Almost Famous Women by Megan Mayhew Bergman

Almost Famous Women

Only occasionally does a book come along that absolutely blows me away and which continues to tickle away at my consciousness long after I’ve put it down. This short story collection did just that. I am so grateful to Book Riot for singing its praises and to the publisher for providing me with a copy for review.

Firstly, what an incredible, unique, fascinating premise for a short story collection. Megan Mayhew Bergman takes a whole host of real, mostly unknown women from history and strips them bare before re-creating them, raising them up and bringing them into the spotlight. Indeed, as she herself says in the Author’s note at the end of the book: ‘The stories… are born of fascination with real women whose remarkable lives were reduced to footnotes’.

What the blurb says:

The fascinating lives of the characters in Almost Famous Women have mostly been forgotten, but their stories are burning to be told. Now Megan Mayhew Bergman, author of Birds of a Lesser Paradise, resurrects these women, lets them live in the reader’s imagination, so we can explore their difficult choices.

Nearly every story in this dazzling collection is based on a woman who attained some celebrity—she raced speed boats or was a conjoined twin in show business; a reclusive painter of renown; a member of the first all-female, integrated swing band. We see Lord Byron’s illegitimate daughter, Allegra; Oscar Wilde’s troubled niece, Dolly; West With the Night author Beryl Markham; Edna St. Vincent Millay’s sister, Norma.

These extraordinary stories travel the world, explore the past (and delve into the future), and portray fiercely independent women defined by their acts of bravery, creative impulses, and sometimes reckless decisions. The world hasn’t always been kind to unusual women, but through Megan Mayhew Bergman’s alluring depictions they finally receive the attention they deserve.

Bergman is a truly masterful storyteller. I could not help but be completely caught up in each of these women’s lives as I devoured their stories. None of them are too long – in theory this means that you can dip into and out of the book with ease. In reality, for me, it meant I fell into the ‘just one more’ trap and finished the book in two sittings. I loved every single one of the stories and could write copiously about each, but I’ll limit myself to touching on the three that made the greatest impression and really hope that you discover them and the others yourself.

The collection opens with the story of British conjoined twins, Violet and Daisy Hilton (5 February 1908 – January 1969) – an immensely powerful opening story and one which forces the reader to really consider this condition from every uncomfortable angle. What happens when one twin falls in love and wants to have a relationship or get married? ‘There were no secrets. Imagine, you could say nothing, do nothing, eat nothing, touch nothing, love nothing without the other knowing’… The first night Martin and I slept together, Violet said the Lord’s Prayer eighteen times’. This is one of the longer stories in the collection and one which I just haven’t been able to get out of my head.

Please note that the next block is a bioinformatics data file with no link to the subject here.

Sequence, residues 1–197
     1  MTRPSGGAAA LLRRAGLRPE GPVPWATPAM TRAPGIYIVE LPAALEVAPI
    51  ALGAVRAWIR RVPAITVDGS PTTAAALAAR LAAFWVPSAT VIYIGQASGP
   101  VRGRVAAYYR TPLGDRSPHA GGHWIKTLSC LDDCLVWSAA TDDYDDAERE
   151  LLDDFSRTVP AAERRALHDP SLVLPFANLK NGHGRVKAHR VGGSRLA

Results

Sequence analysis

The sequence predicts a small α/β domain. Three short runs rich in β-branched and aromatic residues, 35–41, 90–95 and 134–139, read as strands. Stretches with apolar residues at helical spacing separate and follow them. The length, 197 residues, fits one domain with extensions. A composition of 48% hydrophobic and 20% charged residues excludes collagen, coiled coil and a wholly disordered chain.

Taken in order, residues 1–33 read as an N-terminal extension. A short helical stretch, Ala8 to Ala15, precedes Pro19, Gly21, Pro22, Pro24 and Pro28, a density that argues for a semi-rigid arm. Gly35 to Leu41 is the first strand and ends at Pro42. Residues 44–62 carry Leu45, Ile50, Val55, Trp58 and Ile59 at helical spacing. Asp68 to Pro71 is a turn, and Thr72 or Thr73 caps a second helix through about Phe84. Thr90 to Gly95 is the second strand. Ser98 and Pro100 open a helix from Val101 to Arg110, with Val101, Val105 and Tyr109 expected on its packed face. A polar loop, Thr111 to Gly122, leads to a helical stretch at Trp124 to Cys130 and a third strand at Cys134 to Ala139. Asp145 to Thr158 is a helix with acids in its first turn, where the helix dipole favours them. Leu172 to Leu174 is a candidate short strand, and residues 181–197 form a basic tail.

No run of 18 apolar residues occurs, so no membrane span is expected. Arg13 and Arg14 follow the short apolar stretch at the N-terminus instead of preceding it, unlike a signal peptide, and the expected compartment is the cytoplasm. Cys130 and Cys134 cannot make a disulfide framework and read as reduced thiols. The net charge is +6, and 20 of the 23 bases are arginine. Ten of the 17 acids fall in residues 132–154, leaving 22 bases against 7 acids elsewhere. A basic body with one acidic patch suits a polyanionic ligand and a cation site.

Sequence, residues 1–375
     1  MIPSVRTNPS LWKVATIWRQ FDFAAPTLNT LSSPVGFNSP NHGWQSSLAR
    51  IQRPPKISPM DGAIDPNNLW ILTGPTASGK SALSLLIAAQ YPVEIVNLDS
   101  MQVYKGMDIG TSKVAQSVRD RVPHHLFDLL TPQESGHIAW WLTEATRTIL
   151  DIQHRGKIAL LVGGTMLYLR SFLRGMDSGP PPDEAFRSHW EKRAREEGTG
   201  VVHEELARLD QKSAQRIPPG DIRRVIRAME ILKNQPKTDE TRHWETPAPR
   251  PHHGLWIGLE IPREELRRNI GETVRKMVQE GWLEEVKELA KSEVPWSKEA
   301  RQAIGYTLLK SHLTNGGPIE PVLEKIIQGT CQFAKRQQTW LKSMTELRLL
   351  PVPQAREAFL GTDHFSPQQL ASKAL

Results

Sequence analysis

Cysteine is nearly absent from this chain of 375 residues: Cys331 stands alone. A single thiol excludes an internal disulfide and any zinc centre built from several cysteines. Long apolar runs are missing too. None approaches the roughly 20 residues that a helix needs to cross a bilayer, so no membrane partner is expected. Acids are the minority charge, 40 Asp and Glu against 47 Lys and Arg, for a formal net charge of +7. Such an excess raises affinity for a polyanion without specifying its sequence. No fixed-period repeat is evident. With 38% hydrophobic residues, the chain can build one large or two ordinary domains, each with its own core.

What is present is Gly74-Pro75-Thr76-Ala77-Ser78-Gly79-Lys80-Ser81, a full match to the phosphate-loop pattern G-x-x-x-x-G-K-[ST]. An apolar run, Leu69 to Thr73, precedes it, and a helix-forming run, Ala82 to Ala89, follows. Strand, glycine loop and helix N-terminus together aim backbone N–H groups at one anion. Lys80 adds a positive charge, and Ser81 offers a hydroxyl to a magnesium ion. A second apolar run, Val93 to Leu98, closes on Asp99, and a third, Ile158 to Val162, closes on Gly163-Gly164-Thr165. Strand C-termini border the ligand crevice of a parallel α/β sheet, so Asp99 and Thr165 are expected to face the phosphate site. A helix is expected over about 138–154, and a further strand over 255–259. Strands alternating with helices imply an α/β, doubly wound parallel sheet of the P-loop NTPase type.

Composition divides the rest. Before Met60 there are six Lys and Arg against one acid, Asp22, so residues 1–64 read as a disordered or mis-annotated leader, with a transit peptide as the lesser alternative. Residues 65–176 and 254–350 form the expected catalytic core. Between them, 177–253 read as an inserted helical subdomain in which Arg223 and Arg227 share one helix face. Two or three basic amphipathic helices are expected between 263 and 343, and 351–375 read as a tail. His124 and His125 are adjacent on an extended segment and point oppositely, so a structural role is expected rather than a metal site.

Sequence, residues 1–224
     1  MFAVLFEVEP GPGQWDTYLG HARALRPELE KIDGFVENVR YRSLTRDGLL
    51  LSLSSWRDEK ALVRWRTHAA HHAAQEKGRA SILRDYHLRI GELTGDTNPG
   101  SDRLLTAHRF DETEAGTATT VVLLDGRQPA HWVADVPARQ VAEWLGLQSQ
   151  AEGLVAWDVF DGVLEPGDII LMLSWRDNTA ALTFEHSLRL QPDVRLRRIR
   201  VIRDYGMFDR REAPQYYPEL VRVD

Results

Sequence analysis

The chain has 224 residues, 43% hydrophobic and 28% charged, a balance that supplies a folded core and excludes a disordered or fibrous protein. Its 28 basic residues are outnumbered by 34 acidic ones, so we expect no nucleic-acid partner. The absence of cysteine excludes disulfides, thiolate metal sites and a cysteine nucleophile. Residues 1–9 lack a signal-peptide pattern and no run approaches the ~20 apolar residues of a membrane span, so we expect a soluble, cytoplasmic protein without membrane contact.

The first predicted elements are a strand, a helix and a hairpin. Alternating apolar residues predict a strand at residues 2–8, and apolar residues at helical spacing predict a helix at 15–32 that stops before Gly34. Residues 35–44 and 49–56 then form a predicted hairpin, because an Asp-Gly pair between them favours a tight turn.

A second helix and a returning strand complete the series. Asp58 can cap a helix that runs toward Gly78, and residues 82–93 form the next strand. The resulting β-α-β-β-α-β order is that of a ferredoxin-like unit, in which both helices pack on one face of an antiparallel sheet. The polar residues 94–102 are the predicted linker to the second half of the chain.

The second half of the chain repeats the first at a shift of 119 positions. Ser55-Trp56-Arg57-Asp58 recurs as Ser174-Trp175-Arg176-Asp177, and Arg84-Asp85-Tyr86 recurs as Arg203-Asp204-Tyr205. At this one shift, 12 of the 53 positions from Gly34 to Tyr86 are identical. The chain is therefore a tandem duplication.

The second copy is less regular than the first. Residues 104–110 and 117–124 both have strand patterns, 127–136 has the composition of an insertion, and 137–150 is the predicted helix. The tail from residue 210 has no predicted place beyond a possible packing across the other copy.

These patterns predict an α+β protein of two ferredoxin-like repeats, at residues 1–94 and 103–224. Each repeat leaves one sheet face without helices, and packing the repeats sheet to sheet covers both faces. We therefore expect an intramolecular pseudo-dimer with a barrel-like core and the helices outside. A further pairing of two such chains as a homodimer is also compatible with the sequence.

Next, we meet Marion Barbara ‘Joe’ Carstairs (1900 – 18 December 1993) – a wealthy British power boat racer known for her speed and her eccentric lifestyle. Her story is told by her girlfriend Georgie whose ‘God-fearing parents thought she was teaching swimming lessons on a private island. They didn’t know she’d spent the last three months shacked up with a forty-year-old womanizing heiress who stalked around her own private island wearing a machete across her chest, chasing shrimp cocktails with magnums of champagne every night’. Need I really say more? This story has all the lavish indulgence of The Great Gatsby, as well as the dissatisfaction, sadness and tragedy running beneath the surface – all in a wonderfully condensed short story. Just amazing.

The third story that really got under my skin with all its delicious Gothic intensity was that of Romaine Brooks, who Wikipedia tells me was born Beatrice Romaine Goddard (May 1, 1874 – December 7, 1970). She was an American painter who worked mostly in Paris and Capri. She specialized in portraiture and used a subdued palette dominated by the colour grey.

We meet Romaine as a very old woman, and her story is also told from an outside perspective – this time by Mario who works for her: ‘She’s feeble but threatening, and he has to take her seriously; he needs this job, and she knows it. He made the mistake of telling her. No one ever works for Romaine longer than six months. She’s too demanding, too proud, too suspicious… Romaine would rather die than compromise’. This is a story about deception, power and how power can shift. But can it ever shift completely?

Every single one of these stories made me think, consider or ruminate. A truly enriching reading experience and without doubt my first 5 star read of the year so far – also my first experience of Megan Mayhew Bergman; it certainly won’t be my last.

Almost Famous Women is currently only available in Hardcover. Completely worth it for yourself, or as a wonderful gift: Almost Famous Women: Stories

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